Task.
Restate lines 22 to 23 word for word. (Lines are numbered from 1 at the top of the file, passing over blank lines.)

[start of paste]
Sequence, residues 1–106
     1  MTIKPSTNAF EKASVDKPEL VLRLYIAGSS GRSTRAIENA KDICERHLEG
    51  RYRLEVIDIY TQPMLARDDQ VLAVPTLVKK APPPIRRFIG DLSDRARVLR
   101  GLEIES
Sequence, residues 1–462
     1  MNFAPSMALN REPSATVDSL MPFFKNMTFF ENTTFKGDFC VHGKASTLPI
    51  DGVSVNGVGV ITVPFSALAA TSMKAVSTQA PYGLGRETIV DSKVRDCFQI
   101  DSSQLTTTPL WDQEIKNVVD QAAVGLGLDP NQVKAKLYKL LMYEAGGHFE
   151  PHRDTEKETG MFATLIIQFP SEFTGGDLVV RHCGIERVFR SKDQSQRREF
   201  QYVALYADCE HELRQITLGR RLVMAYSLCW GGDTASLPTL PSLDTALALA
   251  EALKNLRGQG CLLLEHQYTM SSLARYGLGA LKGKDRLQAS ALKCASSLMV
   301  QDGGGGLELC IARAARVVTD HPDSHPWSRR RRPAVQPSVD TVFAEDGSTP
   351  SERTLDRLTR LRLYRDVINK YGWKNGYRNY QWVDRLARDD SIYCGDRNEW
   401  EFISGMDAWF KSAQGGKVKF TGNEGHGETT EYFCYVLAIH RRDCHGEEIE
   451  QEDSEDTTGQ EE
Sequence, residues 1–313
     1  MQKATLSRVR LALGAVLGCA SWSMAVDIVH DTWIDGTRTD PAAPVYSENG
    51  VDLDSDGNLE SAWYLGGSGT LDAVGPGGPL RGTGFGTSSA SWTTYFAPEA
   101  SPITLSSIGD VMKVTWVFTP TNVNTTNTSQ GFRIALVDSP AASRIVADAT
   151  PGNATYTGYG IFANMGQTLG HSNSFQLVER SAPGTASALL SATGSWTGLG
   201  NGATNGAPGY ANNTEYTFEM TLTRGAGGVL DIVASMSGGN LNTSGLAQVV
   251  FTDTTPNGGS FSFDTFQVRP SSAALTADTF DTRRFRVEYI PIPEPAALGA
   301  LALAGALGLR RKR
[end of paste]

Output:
   251  FTDTTPNGGS FSFDTFQVRP SSAALTADTF DTRRFRVEYI PIPEPAALGA
   301  LALAGALGLR RKR